The expert group so constituted may assess if the present scheme of recruitment provides an equal opportunity to both English-medium educated urban candidates and non-English medium educated rural candidates,” said the report tabled in Parliament recently. This group may also assess whether the existing pattern of preliminary and mains examination provides a level playing field for all candidates irrespective of their academic background, it said.
The Committee expressed its opinion that the Department of Personnel and Training (DoPT) and UPSC should consider making further changes in the scheme and syllabus of civil services examination in the light of the findings of the impact assessment study.
The parliamentary committee is spot on when it recommended a relook at the current process of conducting competitive exams for selecting candidates for higher levels in government jobs. Not long ago, before the advent of the Kothari commission report which introduced the preliminary exam system, the CSE exam system then was in tune with the university examination systems prevalent across the country. Afterwards, the objective type tests introduced in preliminary examination system was totally alien to students enrolled in bachelor degree courses. This change was the beginning of the chasm between the University education system and the conduct of competitive examinations. This preliminary examination system was later on borrowed by the IIT’s and introduced in Joint Entrance Examination system leading to the complete erosion of our secondary education system, pan India . The “tail wagging the body” syndrome became visible in our system instantly. Subsequently the UPSC conducted CSE exams got totally divorced from the university examination pattern. These changes are one of the main reasons for the deterioration of our education system.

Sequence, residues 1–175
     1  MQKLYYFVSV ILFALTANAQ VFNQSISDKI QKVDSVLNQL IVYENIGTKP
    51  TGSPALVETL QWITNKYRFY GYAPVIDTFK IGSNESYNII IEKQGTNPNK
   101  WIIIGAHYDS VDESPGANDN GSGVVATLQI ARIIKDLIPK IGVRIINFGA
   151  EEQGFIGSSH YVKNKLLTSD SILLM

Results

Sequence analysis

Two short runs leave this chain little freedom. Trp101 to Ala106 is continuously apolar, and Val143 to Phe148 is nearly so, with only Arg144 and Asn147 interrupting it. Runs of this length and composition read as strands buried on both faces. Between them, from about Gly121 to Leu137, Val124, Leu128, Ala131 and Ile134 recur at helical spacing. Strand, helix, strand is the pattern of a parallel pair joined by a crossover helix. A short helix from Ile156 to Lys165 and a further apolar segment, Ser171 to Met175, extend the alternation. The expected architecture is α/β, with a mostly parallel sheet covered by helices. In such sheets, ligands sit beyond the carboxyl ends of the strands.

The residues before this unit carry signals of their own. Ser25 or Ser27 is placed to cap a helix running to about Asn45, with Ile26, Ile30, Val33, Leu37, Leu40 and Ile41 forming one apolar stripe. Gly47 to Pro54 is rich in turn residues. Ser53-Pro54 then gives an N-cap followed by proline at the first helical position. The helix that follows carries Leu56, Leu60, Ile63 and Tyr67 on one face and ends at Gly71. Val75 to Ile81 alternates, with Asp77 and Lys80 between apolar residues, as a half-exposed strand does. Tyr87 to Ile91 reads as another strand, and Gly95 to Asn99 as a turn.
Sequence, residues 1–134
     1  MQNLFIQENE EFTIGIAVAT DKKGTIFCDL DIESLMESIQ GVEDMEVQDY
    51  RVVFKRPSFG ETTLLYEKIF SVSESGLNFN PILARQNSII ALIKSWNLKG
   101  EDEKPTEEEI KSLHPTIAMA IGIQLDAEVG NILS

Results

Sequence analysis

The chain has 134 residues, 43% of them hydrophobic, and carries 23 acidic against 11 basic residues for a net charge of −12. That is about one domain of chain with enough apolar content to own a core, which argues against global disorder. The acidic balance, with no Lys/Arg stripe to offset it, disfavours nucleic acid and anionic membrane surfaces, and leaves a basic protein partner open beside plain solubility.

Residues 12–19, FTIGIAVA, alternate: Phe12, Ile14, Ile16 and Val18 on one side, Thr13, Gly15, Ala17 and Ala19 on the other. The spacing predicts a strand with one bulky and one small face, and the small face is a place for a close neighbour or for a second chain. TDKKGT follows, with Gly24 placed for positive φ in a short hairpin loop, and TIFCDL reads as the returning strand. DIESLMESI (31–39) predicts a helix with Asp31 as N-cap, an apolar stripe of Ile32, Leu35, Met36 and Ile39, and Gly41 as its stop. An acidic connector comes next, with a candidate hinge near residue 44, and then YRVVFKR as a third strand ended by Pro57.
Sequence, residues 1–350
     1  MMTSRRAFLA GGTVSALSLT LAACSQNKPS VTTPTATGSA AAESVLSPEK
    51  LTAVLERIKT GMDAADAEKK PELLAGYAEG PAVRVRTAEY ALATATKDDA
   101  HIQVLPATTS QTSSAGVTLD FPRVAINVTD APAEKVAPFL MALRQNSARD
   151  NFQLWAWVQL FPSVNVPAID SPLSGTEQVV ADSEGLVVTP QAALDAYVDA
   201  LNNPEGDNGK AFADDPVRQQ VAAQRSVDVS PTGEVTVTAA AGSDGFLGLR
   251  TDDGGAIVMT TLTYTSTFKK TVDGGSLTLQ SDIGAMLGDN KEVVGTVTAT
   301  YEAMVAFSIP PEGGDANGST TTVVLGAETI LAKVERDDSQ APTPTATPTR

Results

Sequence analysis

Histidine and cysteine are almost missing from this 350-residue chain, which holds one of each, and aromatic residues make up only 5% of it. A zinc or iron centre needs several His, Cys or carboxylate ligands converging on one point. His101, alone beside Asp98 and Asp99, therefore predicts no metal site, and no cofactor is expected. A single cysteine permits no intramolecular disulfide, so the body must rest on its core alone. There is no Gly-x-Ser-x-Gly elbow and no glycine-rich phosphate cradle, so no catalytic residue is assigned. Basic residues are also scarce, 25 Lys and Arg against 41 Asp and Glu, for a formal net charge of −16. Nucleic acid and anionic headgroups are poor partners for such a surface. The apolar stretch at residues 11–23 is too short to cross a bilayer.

Unfortunately nobody in the system seems to have heeded these distortions creeping up at an alarming speed in our education system and causing further deterioration over a period of time.
The Governments, in the light of the standing committee observations, and without wasting any more time, need to wake up and take corrective steps to bring the pattern of all the competitive exams in tune with our education system and our own board examination system. These two cannot remain divorced from each other any longer now. Enough damage has been done in the past, it needs to be corrected urgently.
Another worrying factor is the very low representation of women in government jobs. According to available data female participation in various Central government jobs is as low as 10.93 per cent out of a total of 30.87 lakh employees. Looking at minimal representation of women in central government jobs, it is imperative on the part of the people at the helm of affairs to take required steps to bridge this gap in coming years.
One of the steps which the government of India should consider urgently is increasing the upper limit age for women candidates in all competitive exams like civil services exams etc. This step will give a very positive message to women that the government wants their increased participation in higher echelons of the system. This empowering step must be taken expeditiously.
(Vijay Shankar Pandey is former Secretary Government of India)